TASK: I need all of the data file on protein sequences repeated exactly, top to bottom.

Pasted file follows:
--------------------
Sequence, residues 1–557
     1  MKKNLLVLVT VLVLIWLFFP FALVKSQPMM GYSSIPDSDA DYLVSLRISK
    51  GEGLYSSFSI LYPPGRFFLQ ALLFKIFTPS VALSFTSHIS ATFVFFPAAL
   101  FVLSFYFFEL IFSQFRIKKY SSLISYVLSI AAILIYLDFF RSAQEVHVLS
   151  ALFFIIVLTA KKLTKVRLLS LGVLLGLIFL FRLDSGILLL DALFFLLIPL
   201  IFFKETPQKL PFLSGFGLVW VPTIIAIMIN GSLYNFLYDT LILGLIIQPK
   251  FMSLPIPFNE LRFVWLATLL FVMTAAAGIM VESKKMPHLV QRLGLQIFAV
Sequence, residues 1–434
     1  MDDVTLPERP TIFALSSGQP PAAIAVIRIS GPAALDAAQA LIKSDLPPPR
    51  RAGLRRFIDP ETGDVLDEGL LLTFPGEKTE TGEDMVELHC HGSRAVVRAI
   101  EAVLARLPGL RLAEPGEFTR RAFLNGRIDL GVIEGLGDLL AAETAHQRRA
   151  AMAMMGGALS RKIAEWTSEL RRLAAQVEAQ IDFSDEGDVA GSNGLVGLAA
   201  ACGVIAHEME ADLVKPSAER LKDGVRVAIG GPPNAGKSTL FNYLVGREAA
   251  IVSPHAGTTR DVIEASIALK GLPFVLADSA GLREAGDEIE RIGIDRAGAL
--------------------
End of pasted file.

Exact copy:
Sequence, residues 1–557
     1  MKKNLLVLVT VLVLIWLFFP FALVKSQPMM GYSSIPDSDA DYLVSLRISK
    51  GEGLYSSFSI LYPPGRFFLQ ALLFKIFTPS VALSFTSHIS ATFVFFPAAL
   101  FVLSFYFFEL IFSQFRIKKY SSLISYVLSI AAILIYLDFF RSAQEVHVLS
   151  ALFFIIVLTA KKLTKVRLLS LGVLLGLIFL FRLDSGILLL DALFFLLIPL
   201  IFFKETPQKL PFLSGFGLVW VPTIIAIMIN GSLYNFLYDT LILGLIIQPK
   251  FMSLPIPFNE LRFVWLATLL FVMTAAAGIM VESKKMPHLV QRLGLQIFAV
Sequence, residues 1–434
     1  MDDVTLPERP TIFALSSGQP PAAIAVIRIS GPAALDAAQA LIKSDLPPPR
    51  RAGLRRFIDP ETGDVLDEGL LLTFPGEKTE TGEDMVELHC HGSRAVVRAI
   101  EAVLARLPGL RLAEPGEFTR RAFLNGRIDL GVIEGLGDLL AAETAHQRRA
   151  AMAMMGGALS RKIAEWTSEL RRLAAQVEAQ IDFSDEGDVA GSNGLVGLAA
   201  ACGVIAHEME ADLVKPSAER LKDGVRVAIG GPPNAGKSTL FNYLVGREAA
   251  IVSPHAGTTR DVIEASIALK GLPFVLADSA GLREAGDEIE RIGIDRAGAL